Electrical and electronic waste, or e-waste, is a growing challenge all around the world. But what is e-waste? It can be defined simply as items of all types of electrical and electronic equipment and its parts that have been discarded by the owner as waste without the intention of re-use (Step, 2014). The effects on human health and the environment of this type of pollution are far from simple. The United Nations Environment Management Group has long been addressing this, and continues to advocate and raise awareness about e-waste.
E-waste is not just limited to phones and computers, it also includes all household appliances, such as refrigerators, washing machines, and toasters. Many of these appliances are discarded as waste, ultimately ending up in landfills. In the United States alone 70% of heavy metals found in landfills come from discarded electronics. Today, the lifespan of many devices is diminishing. They are discarded and replaced by newer versions and improved technology leading to shorter fashion cycles and even more production, consumption and waste. Ultimately, many old devices still have a use and value.
Key components of these discarded electronics, such as printed circuit boards, contain many harmful chemicals. At the same time, chemicals such as mercury are used to rudimentary processing techniques to extract precious materials. When not properly managed, chemicals can find their way into the air, and soil and water ways, effectively ruining the surrounding environment.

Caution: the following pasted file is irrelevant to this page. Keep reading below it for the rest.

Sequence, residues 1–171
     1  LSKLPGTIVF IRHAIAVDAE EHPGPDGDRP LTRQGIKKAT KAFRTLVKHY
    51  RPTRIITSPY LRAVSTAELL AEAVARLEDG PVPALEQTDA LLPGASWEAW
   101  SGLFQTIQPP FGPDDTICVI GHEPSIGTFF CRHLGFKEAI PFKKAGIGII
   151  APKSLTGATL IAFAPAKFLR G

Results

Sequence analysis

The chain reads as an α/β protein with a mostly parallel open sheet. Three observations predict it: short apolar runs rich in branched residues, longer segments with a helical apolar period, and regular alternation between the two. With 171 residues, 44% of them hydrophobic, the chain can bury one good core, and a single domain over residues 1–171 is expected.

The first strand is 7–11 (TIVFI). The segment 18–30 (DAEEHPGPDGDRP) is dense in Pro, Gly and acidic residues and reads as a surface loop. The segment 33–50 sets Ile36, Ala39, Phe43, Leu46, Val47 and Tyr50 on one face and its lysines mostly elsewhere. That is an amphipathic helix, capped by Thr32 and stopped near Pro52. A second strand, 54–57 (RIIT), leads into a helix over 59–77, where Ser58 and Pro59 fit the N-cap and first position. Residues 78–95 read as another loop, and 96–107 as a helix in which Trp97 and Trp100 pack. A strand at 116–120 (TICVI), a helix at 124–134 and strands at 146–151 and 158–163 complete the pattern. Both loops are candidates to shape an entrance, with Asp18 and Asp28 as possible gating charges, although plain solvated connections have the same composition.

At the Environment Management Group Senior Officials Meeting in September, UN organisations discussed the E-waste Coalition which is currently being developed, and coordinated by the EMG Secretariat. On the backdrop of growing challenges faced by Member States to manage e-waste, the Coalition will provide a global platform for support with this issue. Following the publication of two major reports in 2017: Global E-waste Monitor, and the UN System-wide Response to Tackling E-waste, a Letter of Intent was signed by several organisations active in addressing e-waste. Discussions at the Senior Officials Meeting about the need for a circular economy, support for small and medium-sized enterprises and dialogue between governments and the electronics industry, all reinforced the value of the E-waste Coalition as a global platform in the making.
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